Despite the role of aging in development of neurological and neurodegenerative diseases, the effects of age are often disregarded in experimental design of preclinical studies. Functional assessment increases the clinical relevance of animal models of neurological disease and adds value beyond traditional histological measures. However, the relationship between age and functional impairment has not been systematically assessed through a battery of functional tests.

Methods

In this study, various sensorimotor and behavioral tests were used to evaluate effects of aging on functional performance in naive animals. Sensorimotor measures included locomotor activity; Rotarod, inclined plane, and grip-strength testing; and modified Neurological Severity Score. The Morris water maze was used to examine differences in learning and memory, and the elevated plus maze and forced swim test were used to assess anxiety-like and depressive-like behaviors, respectively.

Results

Older Sprague-Dawley rats (18–20 months) were found to perform significantly worse on the inclined plane tests, and they exhibited alterations in elevated-plus maze and forced swim test compared with young adult rats (3–4 months). Specifically, older rats exhibited reduced exploration of open arms in elevated plus maze and higher immobility time in forced swim test. Spatial acquisition and reference memory were diminished in older rats compared with those in young adult rats.

Conclusions

This study demonstrates clear differences between naive young adult and older animals, which may have implications in functional assessment for preclinical models of neurological disease.

Source: Journal of neurosurgery.

 

 

 

A novel tissue engineering approach using an endothelial progenitor cell–seeded biopolymer to treat intracranial saccular aneurysms.


Recurrence after endovascular coiling of intracranial aneurysms is reported in up to 42% of cases and is attributed to the lack of endothelialization across the neck. In this study the authors used a novel tissue engineering approach to promote endothelialization by seeding endothelial progenitor cells (EPCs) within a fibrin polymer injected endovascularly into the aneurysm.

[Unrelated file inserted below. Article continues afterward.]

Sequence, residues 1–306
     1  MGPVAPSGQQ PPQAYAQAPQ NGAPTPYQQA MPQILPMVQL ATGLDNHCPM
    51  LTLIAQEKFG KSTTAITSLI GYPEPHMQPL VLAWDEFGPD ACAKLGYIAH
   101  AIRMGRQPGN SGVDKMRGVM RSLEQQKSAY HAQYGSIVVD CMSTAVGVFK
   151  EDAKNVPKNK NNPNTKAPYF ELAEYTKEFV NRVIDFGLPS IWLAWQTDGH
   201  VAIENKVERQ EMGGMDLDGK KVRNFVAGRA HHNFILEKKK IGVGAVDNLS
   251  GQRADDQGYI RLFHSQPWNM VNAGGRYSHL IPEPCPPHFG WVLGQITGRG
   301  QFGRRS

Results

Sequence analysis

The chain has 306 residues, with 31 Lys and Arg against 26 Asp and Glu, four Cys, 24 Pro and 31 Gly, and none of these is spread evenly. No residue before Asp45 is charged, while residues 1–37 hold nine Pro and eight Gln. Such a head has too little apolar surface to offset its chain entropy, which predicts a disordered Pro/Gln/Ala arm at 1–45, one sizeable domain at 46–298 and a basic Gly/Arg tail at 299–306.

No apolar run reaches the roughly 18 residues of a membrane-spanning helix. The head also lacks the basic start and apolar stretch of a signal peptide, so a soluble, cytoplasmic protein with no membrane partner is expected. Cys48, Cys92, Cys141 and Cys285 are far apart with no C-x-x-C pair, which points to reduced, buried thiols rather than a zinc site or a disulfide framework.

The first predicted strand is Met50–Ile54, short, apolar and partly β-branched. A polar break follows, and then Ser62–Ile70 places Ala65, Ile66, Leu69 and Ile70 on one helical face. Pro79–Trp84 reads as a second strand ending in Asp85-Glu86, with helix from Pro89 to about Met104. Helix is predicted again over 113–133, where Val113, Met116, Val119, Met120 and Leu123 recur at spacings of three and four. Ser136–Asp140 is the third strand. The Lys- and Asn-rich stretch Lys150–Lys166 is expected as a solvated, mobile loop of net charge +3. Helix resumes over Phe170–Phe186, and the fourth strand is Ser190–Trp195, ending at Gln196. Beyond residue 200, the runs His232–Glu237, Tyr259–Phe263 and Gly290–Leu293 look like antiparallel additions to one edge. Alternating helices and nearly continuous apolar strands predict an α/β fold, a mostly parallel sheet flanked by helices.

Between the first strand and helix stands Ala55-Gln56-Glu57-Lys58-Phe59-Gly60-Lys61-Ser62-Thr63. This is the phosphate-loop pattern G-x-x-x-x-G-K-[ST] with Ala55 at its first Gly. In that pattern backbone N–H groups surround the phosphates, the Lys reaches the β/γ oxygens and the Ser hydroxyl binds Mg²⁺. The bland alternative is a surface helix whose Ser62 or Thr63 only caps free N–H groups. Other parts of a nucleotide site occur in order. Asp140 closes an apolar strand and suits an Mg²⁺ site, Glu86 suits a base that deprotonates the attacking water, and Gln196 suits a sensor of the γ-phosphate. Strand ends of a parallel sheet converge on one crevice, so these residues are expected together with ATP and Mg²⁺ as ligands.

Methods

Experimental aneurysms were created in New Zealand White rabbits and were left untreated, surgically clipped, or embolized with platinum coils, fibrin biopolymer alone, or fibrin combined with autologous cultured EPCs.

Results

In aneurysms treated with EPCs, a confluent monolayer of endothelial cells with underlying neointima was demonstrated across the neck at 16 weeks posttreatment, which was not observed with aneurysms treated using the other methods.

Conclusions

This novel technique may address reasons for the limited durability of standard coil embolization and provides further avenues for the development of improved devices for the care of patients with aneurysms.

Source: Journal of neurosurgery.

 

 

Discontinuing Bevacizumab in Patients with Glioblastoma: An Ethical Analysis.


Glioblastoma (GBM) is a highly lethal malignant brain tumor that expresses proangiogenic factors, including vascular endothelial growth factor (VEGF). Bevacizumab (Avastin®; Genentech, Inc., South San Francisco, CA), a monoclonal antibody against VEGF, is routinely used in the U.S. to treat GBM patients whose tumors have progressed following initial therapy. The Ethics Advisory Committee at the Dana-Farber Cancer Institute was asked to provide consultation on two cases involving patients with recurrent GBM who were receiving bevacizumab. Despite evidence of disease progression, family members advocated for the continued use of bevacizumab because of its mild toxicity profile and concern that discontinuation would impair quality of life. However, continuing bevacizumab in this setting posed physical and financial risks to the patients and raised ethical concerns about resource allocation and justice.

We analyze the ethical questions regarding bevacizumab discontinuation in the setting of progressive GBM. We articulate the potential benefits and harms of continuing the drug and identify guiding principles for drug discontinuation that should be made transparent to patients and families. With the increasing availability of new, modestly toxic, expensive drugs for patients with advanced cancer, questions of when to stop these drugs will become increasingly relevant.

Source: the Oncologist.

 

 

 

A New Era for the Systemic Therapy of Neuroendocrine Tumors.


Carcinoids and pancreatic neuroendocrine tumors are becoming increasingly common, with the majority of patients presenting with either lymph node involvement or metastatic disease. An improved understanding of the molecular mechanisms involved in these tumors has implicated several pathways that have led to new therapeutic approaches. In this manuscript, we describe the biology of neuroendocrine tumors and approaches to systemic therapy. We review early data regarding the use of cytotoxics and several recent studies employing more targeted approaches that promise to change the standard of care. Specifically, phase III studies indicate that pharmacologic inhibition of the vascular endothelial growth factor pathway with sunitinib, and of the mammalian target of rapamycin pathway with everolimus, appears to have altered the natural history of these diseases. These successes set the stage for further advances in the management of patients with neuroendocrine tumors.

Source: the Oncologist.